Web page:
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Communication incl. Poster: BibTeX citation key:  Kouakou
Kouakou, M., Mahamoudou, I., Mahamodou, B., Bonkoungou, A., Severe, F., Cissé, S., Amaga, K. & Barbier, B. 2009. The impact of the droughts of the 1970s and 1980s on farmers’ livelihood in the Inner Delta of Niger, in Mali. Work presented at Third International AMMA Conference, July 20—24, at Ouagadougou, Burkina Faso.
Added by: roussot 2009-11-05 10:24:55
Categories: Society-Environment-Climate interactions
Keywords: Agriculture, Water - Energy - Resources
Creators: Amaga, Barbier, Bonkoungou, Cissé, Kouakou, Mahamodou, Mahamoudou, Severe
Publisher: African Monsoon Multidisciplinary Analyses (Ouagadougou, Burkina Faso)
Collection: Third International AMMA Conference

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The inner delta of the Niger river in Mali is a vast wetland covering potentially 40 000 km² but its size has been reduced significantly by the droughts of the 1970s and the 1980s. This has caused considerable damage to local activities such as fisheries, animal and crop production. Also the environment has been dramatically heart. Though rainfall and streamflows have improved in the last two decades, the prospect for the wetland is bleak. The coming construction of new reservoirs and new irrigation schemes upstream of the delta will further reduce the flooded area. The consequences for the one million farmers, herders and fishers who live in the delta are unknown.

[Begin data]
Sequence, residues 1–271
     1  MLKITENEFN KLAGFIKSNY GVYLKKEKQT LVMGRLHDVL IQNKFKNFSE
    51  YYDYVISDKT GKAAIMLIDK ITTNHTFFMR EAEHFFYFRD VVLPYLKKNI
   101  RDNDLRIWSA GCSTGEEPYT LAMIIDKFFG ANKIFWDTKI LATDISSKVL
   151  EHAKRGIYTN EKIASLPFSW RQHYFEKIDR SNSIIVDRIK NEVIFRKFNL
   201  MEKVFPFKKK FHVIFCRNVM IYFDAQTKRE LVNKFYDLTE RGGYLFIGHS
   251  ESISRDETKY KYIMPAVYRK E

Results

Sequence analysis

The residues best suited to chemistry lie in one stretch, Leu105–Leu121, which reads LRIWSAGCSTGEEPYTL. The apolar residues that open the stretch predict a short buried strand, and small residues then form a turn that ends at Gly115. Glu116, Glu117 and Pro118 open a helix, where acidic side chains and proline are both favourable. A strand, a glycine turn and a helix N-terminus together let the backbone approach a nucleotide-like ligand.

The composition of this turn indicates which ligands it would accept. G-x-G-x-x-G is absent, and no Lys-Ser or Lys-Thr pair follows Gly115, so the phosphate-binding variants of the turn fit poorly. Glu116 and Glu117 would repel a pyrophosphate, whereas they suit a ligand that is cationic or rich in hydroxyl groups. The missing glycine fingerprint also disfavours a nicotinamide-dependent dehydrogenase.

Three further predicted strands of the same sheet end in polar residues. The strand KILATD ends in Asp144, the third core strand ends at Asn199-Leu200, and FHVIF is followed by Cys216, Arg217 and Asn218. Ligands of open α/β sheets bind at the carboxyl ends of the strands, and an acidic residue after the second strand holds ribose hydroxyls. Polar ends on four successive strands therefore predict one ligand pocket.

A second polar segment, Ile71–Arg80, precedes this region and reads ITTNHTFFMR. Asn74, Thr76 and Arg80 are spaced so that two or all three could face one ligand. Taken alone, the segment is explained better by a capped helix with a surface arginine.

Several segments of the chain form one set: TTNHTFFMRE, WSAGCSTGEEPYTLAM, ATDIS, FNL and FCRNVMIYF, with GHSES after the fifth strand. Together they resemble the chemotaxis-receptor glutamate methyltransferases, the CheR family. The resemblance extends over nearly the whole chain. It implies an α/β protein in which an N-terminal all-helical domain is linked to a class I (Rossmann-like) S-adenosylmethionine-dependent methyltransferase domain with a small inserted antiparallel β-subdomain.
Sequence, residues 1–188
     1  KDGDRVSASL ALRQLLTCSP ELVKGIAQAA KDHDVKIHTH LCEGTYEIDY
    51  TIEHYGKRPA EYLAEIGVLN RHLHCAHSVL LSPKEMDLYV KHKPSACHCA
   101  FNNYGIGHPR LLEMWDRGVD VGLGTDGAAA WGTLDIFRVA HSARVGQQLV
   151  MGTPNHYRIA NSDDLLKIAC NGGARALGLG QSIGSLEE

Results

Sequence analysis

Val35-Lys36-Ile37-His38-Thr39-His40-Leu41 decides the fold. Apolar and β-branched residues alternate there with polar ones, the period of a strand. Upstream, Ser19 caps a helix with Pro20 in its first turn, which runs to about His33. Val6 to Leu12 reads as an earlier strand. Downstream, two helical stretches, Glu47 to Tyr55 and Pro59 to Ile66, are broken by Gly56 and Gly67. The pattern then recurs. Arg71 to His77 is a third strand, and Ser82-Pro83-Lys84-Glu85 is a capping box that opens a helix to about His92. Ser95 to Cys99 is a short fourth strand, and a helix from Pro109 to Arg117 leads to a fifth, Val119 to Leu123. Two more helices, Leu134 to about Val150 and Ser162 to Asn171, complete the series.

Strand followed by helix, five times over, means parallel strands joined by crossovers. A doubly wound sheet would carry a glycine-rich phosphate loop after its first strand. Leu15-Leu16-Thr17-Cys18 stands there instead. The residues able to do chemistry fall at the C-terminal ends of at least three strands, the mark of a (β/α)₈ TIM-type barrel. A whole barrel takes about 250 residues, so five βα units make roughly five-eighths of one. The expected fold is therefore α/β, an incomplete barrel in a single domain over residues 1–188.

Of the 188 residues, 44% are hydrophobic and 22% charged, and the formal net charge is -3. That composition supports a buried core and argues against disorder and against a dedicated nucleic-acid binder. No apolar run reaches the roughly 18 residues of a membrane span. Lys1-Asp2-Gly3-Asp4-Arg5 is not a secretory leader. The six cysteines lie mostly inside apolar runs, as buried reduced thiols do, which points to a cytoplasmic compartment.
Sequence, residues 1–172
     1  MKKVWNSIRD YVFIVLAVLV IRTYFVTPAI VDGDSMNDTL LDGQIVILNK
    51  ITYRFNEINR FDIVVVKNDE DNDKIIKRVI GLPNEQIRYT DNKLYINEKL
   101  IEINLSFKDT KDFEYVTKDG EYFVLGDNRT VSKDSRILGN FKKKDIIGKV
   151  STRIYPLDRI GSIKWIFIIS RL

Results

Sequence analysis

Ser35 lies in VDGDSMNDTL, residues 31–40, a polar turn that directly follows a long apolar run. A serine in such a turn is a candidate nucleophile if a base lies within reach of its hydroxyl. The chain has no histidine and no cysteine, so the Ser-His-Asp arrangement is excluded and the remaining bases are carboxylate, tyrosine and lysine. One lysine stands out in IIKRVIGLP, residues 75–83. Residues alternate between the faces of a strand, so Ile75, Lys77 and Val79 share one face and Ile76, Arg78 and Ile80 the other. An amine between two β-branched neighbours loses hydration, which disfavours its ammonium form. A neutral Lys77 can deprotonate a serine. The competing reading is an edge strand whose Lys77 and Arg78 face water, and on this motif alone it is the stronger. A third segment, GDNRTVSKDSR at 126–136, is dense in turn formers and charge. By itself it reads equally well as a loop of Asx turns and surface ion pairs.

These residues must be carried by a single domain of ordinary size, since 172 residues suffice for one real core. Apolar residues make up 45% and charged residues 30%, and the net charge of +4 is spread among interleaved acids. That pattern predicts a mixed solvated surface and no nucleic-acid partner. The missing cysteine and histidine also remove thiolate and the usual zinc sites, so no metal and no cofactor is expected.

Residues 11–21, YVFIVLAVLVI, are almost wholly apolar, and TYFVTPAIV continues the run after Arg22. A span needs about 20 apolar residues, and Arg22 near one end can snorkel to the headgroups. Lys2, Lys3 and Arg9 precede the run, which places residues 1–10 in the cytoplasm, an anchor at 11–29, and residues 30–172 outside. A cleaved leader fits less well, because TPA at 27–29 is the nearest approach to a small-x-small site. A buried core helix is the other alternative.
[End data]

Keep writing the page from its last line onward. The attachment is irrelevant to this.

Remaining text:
To estimate the impact of the diminishing stream flows on the delta’s population, we conducted a survey among 300 heads of households in 15 communities randomly selected. Also 60 women were interviewed. Questions were related to farmers’ perception of the hydrology of the delta and the climate, to their past and future adaptation strategies and to their opinion about external interventions. The answers were analyzed using a cluster analysis.
The results of this analysis show that farmers have clear perceptions of what has been going on and about what could be done to mitigate the impact of the predicted future water uptake upstream from the delta. The population has had serious difficulties to adapt to the past droughts as most rich pastures have been converted into rainfed cropland and pastures or irrigated riceland. Where farmers, fishermen and herders were using the resources in a relative harmony, violent conflicts have erupted. Lawmakers have tried to take into account the traditional legal system but the population tends to lose faith in the judicial system. Also the traditional system has been weakened by the various demographic changes and by the increasing use of cash in the traditional transactions. The cluster analysis shows how the interviewed farmers are diversifying their activities, less to take advantages of new markets than to reduce the impact of external shocks.
Added by: roussot